4. There really is nothing about getting a $200 full tower case that will 'future proof' it more than a good quality (and large) mid tower case like Cooler Master Storm Sniper $140 and the savings pay a good part of the cost a PSU like Antec TP-750 Truepower New 750W. The Corsair 650HX or Truepower New 750W are also good choices and can power a 2x HD 5850 Crossfire system.
    CM Storm Sniper review and Antec TruePower New 750 W (TP-750) Power Supply Review
  5. BreakDOWN said:
    ADDITIONAL COMMENTS: Starcraft 2 is the only game he'll be playing (on max settings), so it's not really a gaming rig.
    Not a gaming PC? So he might be willing to compromise on the SC2 on Max settings? If he's not, there's not really any point in calling this build anything other an a 'gaming rig'. That SC2 request will trump all other hardware requirements.
  6. Alright, he's on his way to my house right now. I told him to come over because I'm getting sick and tired of calling him.

    Anyways, if it was up to me then I'd take everyone's advice here. But he doesn't want to back down on the 2 components for some odd reason.
  7. He's paying the bills so he gets to choose. For a single HD 5850 which is about as low a GPU as you want to go with a 1920x1080 monitor/TV a good 500W PSU is fine. Antec EA-500D Green EarthWatts 500W would cover everything in a single video card system.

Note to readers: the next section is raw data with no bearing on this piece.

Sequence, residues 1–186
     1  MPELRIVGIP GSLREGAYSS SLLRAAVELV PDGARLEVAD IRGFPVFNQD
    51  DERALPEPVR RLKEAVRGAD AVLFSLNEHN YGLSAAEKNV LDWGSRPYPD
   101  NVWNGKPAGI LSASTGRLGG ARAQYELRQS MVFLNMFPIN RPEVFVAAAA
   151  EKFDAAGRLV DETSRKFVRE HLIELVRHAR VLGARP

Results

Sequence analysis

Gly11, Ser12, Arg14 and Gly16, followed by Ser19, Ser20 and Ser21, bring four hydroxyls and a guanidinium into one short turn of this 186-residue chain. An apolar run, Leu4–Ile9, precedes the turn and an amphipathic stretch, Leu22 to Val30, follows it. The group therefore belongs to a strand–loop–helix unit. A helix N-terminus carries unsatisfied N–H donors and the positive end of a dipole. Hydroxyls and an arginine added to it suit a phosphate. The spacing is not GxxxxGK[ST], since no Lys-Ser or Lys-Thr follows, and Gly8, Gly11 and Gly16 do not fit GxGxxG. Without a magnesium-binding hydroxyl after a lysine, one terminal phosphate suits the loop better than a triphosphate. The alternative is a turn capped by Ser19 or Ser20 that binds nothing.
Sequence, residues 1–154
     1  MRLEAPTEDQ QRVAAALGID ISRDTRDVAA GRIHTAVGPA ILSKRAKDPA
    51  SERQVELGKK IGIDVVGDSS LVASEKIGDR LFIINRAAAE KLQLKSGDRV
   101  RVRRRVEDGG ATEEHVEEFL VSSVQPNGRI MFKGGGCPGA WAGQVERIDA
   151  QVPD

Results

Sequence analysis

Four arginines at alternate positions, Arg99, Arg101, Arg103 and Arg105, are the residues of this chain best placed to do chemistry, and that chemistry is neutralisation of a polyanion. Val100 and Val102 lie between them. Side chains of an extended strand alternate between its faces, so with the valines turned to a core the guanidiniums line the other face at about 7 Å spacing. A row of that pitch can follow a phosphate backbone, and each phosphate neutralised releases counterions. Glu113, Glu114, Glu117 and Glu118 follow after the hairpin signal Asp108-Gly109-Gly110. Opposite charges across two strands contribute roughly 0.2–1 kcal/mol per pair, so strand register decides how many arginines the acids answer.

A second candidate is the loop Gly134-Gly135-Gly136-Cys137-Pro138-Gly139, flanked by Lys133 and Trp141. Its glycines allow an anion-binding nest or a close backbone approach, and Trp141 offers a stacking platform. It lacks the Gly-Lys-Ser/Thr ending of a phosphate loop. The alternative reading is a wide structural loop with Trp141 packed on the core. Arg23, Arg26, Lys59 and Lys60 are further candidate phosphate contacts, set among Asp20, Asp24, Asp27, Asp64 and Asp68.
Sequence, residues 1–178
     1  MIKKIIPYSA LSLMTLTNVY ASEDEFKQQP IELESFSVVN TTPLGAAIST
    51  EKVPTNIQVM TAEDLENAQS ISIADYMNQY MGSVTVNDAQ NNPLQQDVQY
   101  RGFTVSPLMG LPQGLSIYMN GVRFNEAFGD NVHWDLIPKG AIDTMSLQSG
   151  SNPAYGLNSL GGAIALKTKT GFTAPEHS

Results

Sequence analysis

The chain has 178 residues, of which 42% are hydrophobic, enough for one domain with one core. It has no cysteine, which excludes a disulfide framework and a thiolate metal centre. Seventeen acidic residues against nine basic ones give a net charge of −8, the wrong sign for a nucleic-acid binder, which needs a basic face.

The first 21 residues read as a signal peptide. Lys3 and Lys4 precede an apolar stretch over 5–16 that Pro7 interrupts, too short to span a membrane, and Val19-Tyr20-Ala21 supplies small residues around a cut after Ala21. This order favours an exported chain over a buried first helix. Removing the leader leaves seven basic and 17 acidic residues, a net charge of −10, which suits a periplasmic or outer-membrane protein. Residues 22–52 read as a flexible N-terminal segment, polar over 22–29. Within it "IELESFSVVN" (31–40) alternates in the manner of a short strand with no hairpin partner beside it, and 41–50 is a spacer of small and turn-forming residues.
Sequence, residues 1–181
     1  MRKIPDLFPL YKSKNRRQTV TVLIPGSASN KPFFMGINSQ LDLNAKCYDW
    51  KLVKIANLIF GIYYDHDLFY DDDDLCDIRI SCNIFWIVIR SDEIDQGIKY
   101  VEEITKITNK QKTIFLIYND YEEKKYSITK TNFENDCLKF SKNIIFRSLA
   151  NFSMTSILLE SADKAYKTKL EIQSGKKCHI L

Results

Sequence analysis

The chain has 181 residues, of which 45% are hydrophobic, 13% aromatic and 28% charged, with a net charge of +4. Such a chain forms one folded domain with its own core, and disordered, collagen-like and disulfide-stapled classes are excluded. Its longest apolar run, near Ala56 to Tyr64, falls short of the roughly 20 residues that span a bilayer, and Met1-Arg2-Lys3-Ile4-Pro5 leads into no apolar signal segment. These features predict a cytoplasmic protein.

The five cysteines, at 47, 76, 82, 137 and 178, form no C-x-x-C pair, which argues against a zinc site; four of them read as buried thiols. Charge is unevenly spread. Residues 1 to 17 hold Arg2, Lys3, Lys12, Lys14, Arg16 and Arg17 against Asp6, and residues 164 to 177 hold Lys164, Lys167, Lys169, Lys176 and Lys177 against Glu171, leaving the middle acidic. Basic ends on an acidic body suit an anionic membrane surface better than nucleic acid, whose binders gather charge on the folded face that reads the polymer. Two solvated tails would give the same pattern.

8. Hey guys, this is BreakDOWN's friend. First of all, sorry for all the troubles.

    Second, this is what I have so far:

    I cheaped out on the GPU because I'm willing to play on medium settings for Starcfraft 2 and play on a small monitor instead. When I save up more money, I'm either going to buy another GPU and crossfire, or just buy an entirely more powerful card. This way, the other components would be able to handle it with ease.

    I'm also going to cheap out on the memory and stick with 4 gigs (planning on getting more 6+ gigs when I have the money saved up as well).

    What do you think? And recommendations for 4 gig memory? I'm a little over, but it can't be help. Again, I do apologize for any trouble's I've caused.
  9. We can't see your shopping cart list. It's something 'website cookie' related.
    You can just list the parts (links not needed) and we can look them over for you.

    The tri-channel X58 and i7 930 take RAM in sets of 3 stick. 6GB is the usual starting point.